VentureCat 2021 winner Solvento (formerly Por Adela) also has Kellogg roots. The Mexico-based fintech startup in the logistics and trucking space was founded by Executive MBA student Jaime Tabachnik ’22 and raised a $4.5M round last December after only five months of operation.
In all, VentureCat 2022 attracted more than 50 applications from across seven Northwestern schools including Kellogg. Of the hopefuls, 25 semifinalist startup teams were selected — about half of whom had a Kellogg tie. VentureCat distributed more than $325,000 in non-dilutive capital, with Kellogg serving as one of four host organizations, along with the Farley Center for Entrepreneurship and Innovation, the Donald Pritzker Entrepreneurship Law Center, and The Garage.
Entrants were divided into five tracks — business products and services; consumer products and services; life sciences and medical devices; energy and sustainability; and social impact. The semifinalists then entered into a six-week Pitch Prep Program that coached on presentations and assigned advisors and teamed them with a graphic design firm to build pitch decks.
Much of the action took place within the confines of The Garage, a dedicated Northwestern space for experimentation and innovation that has had a hand in some 1,000 startups to date. “All the pitch coaches, judges and track advisors are typically faculty — either at Kellogg or at the Farley Center — or they're investors and founders out in the real world that we have relationships with,” said Michael Rabb, The Garage’s interim director. “Many of them are also Kellogg or Northwestern alumni, people invested in the Northwestern entrepreneurship ecosystem.”
One of the advisors is Carter Cast ’92, the Michael S. and Mary Sue Shannon clinical professor of entrepreneurship at Kellogg and an operating partner at Pritzker Group Venture Capital. Having seen so many pitches within and beyond VentureCat, Cast said one key characteristic informs the very best ones.
“Eight times out of 10, the founder has identified the problem through their own experiences,” Cast said. “They have an advantage because they’re living the problem or close to the customer or consumer who is experiencing it.”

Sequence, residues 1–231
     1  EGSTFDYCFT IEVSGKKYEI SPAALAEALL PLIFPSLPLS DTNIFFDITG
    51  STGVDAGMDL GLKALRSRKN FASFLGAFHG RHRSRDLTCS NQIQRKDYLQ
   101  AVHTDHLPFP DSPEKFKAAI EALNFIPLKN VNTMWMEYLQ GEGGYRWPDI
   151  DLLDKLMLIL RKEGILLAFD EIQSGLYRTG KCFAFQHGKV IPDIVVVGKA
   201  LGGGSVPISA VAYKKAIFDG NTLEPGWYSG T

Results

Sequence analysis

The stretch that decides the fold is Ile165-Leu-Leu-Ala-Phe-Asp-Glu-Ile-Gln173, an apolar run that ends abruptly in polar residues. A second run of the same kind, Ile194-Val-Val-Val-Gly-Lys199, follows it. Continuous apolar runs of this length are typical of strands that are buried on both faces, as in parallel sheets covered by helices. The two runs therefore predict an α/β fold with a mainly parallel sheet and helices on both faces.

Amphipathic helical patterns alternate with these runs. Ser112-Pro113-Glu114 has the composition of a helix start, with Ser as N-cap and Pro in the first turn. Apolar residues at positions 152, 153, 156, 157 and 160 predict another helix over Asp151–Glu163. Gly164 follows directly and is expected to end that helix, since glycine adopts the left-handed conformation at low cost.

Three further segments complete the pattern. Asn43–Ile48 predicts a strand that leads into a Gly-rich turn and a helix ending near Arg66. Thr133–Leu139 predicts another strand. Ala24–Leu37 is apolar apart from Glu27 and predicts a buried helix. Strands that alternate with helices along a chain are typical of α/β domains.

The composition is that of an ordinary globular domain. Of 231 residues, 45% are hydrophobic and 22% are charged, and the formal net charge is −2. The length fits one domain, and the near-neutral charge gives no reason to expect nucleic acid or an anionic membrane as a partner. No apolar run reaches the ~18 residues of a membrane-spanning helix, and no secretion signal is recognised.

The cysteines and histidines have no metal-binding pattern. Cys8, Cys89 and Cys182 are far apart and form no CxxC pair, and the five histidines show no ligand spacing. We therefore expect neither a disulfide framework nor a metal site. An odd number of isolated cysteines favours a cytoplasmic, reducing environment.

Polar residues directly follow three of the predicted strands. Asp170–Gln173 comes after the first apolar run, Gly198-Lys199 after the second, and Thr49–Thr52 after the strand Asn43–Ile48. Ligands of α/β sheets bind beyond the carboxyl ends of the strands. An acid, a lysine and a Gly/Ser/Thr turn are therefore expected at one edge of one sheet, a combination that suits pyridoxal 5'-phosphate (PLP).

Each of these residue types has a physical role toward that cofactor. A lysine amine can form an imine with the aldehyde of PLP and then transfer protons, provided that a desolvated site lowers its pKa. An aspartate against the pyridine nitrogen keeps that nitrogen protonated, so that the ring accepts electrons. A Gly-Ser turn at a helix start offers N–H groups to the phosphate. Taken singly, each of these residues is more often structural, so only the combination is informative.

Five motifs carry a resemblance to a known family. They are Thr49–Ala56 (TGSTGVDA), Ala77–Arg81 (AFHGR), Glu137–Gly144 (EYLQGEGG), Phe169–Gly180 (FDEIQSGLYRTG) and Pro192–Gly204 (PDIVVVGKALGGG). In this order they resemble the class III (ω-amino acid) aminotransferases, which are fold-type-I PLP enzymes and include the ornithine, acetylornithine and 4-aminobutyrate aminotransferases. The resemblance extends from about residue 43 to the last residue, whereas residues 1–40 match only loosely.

Beyond this — and Cast saw this with all the VentureCat finalists — a smart startup founder “makes sure that the addressable market is big enough and well defined enough that they understand who their customers will be. When it comes time to develop, market and sell the product, they're really clear on who they're selling to and through what channels.”
Another trait shared by many of this year’s entrants was “a component that's really wrapped around social good, whether environmental or healthcare good,” he said. “They’re ideas that have real depth to them in terms of the societal benefit.”
That was true of first-place winner InfernoGuard, a company developing a digital solution to provide prompt wildfire detection and notify large-scale landowners through devices that attach to trees. Presented by McCormick School of Engineering student Kevin Kaspar ’24, InfernoGard was an entrant in the energy and sustainability category. In addressing a costly pain point, Kaspar’s startup has the added benefit of urgency, as wildfires continue to burn at a record pace in an era of accelerating climate change.
As Cast put it, “Northwestern, in general, is a wonderful place to have a competition like this because it's a research school.” And it’s also a place where Kellogg students promise to innovate and originate for many years to come. As to next year’s VentureCat Hopefuls, Cast said it’s never too early to explore and experiment.
Cast advised: “Go do discovery research by talking to people in this market and finding out if your idea has merit. The point we make in class is to get out of the building you're in.”